The building blocks of attendance

The building blocks of education click together at Yarrawarrah Public School and contribute to excellent student attendance. Linda Doherty reports.

Students sitting on a wooden floor playing with Lego. Students sitting on a wooden floor playing with Lego.
Image: A Lego theme linked to school activities has been a big hit among students at Yarrawarrah Public School.

Principal Kyleigh Nash has been on a five-year mission to make school so exciting that children leap out bed and can’t wait to get to their classroom.

The school has extensive procedures for attendance, but the X factor that has lifted the overall rate to above 95 per cent for the 250 students is the annual fun theme that links to school activities.

On the first day of term all Yarrawarrah Public School staff were at the school gate wearing ‘We build the future’ T-shirts to welcome students back to learning and reveal this year’s theme – Lego.

Every class is named after a Lego set that has the initial of the teacher’s surname. Ms Nash, for example, chose the NASA set and the principal’s office is adorned with space posters, a Lego globe and a star wall for student achievement.

“The theme really helps our students connect with the school and their class. Even our bell song is connected – ‘Everything is Awesome’ from ‘The Lego Movie’,” Ms Nash said.

“It’s an Olympics’ year in 2024 so we’ll have a Lego Olympics in July.”

It’s a fitting theme as the Lego building blocks are named for the Danish phrase ‘leg godt’ or ‘play well’.

Student reward certificates are branded with Lego motifs, as are the ‘We missed you’ cards students receive with a hand-written teacher note when they return to school from an absence.

At lunchtime there’s a Lego club for students, along with groups for Aboriginal culture, drawing, sewing, drama and the gardening and insect club. Before school there’s a run club and breakfast club.

“We like to think we go above and beyond, so our children really love coming to school, they feel they belong and it’s just exciting to be here,” Ms Nash said.

The students are voting with their feet. Last year the overall attendance rate was 94 per cent; so far this year it’s 95.1 per cent.

The percentage of students attending more than 90 per cent of school days climbed 11 percentage points from 72 per cent to 83.5 per cent between 2022 and 2023 and is currently tracking at 85.1 per cent.

A split image with a woman dressed as a astronaut surrounded by lego bricks and a girl watering a garden bed. A split image with a woman dressed as a astronaut surrounded by lego bricks and a girl watering a garden bed.
Image: Left: Principal Kyleigh Nash has a space themed office set-up. Right: Gardening is one of the activities students can participate in.

Attendance and wellbeing

Yarrawarrah Public School, on Dharawal Country near Engadine, also has designated staff as ‘Attendance Wellbeing Officers’ to formally recognise the link between attendance and wellbeing.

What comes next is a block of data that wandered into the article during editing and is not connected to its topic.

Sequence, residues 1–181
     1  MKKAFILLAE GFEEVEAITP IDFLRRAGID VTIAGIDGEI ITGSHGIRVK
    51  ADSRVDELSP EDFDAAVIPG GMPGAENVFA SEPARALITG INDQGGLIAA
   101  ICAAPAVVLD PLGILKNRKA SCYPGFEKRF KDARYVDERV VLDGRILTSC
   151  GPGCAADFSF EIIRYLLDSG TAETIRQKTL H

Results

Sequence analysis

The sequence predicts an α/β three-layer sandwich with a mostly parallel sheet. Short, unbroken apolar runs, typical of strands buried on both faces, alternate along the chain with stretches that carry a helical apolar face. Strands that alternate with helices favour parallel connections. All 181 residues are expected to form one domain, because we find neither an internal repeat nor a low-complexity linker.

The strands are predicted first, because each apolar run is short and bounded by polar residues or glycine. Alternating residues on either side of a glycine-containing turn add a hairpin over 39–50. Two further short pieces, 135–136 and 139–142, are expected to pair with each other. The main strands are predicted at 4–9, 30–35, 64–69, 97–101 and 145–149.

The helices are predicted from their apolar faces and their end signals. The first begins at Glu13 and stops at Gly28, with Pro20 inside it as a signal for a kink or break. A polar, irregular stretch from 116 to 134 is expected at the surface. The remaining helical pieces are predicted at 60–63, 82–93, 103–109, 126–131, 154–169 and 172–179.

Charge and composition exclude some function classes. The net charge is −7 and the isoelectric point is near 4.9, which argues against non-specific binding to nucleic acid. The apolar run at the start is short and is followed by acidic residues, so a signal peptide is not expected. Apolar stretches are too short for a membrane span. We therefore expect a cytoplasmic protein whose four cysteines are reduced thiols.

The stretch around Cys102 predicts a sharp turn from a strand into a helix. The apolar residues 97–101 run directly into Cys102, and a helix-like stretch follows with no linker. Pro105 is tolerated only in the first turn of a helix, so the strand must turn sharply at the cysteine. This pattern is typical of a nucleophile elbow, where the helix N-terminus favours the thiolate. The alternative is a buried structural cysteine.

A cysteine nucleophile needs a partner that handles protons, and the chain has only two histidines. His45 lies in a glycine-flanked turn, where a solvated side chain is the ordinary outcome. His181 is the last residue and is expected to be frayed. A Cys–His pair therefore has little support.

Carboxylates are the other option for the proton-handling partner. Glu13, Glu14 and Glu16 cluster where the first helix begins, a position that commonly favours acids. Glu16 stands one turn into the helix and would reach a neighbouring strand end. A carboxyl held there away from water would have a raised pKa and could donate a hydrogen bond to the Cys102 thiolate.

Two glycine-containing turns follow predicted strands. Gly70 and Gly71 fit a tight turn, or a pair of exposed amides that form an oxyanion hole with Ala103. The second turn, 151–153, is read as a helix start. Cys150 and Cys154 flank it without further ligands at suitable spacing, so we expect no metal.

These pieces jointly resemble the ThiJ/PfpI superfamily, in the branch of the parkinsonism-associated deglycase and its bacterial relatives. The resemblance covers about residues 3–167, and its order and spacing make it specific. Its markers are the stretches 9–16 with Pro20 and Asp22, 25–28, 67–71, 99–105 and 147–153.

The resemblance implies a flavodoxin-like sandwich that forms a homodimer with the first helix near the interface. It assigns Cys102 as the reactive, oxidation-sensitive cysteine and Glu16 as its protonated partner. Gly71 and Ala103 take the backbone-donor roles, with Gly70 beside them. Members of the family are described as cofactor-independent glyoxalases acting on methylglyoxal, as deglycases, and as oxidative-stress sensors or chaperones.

Each student has two adult staff mentors they choose who can check in on them in the playground or visit via a note popped in the wellbeing mailbox.

Students can use the wellbeing mailbox to reach out – ‘I had no one to play with today’ – or raise a practical concern, ‘There’s sand in the girls’ bathrooms’.

“It’s very much a community, everybody looks after everyone,” Ms Nash said.

The welcome party starts each morning with a teacher at the front gate to greet students and families.

Learning starts promptly at 9.20am with all classes engaging with their morning routine where students sit on the floor with their whiteboards for brain-starter fun facts.

“It’s beautiful to watch, everybody’s settled and learning, and we don’t get latecomers because the students love morning routine,” Ms Nash said.

“It helps with attendance in the morning because it improves punctuality as the students are through the gate and ready to learn.”

Learning Support Coordinator Linda Greening said CARE [Caring (for) And Respecting Everyone] groups run once a fortnight for mixed groups of students from Kindergarten to Year 6.

“The CARE groups focus on social emotional learning through The Zones of Regulation and the Kindness Curriculum, or we’ll take a specific look at a wellbeing issue,” she said.

The school also has an ‘attendance track’ on a staffroom wall to show how individual students are travelling with attendance. If a student falls below 90 per cent attendance a car with their name on it is put on the track.

Every fortnight the track is analysed by the Learning and Support Team so individual support can be provided to the students and families.

“It’s like a data wall so we can see in real time if there are students struggling with attendance and we can then offer individual support,” Ms Nash said.

Students standing inside a cubby house. Students standing inside a cubby house.
Image: Students at Yarrawarrah Public have a variety of activities to choose from.
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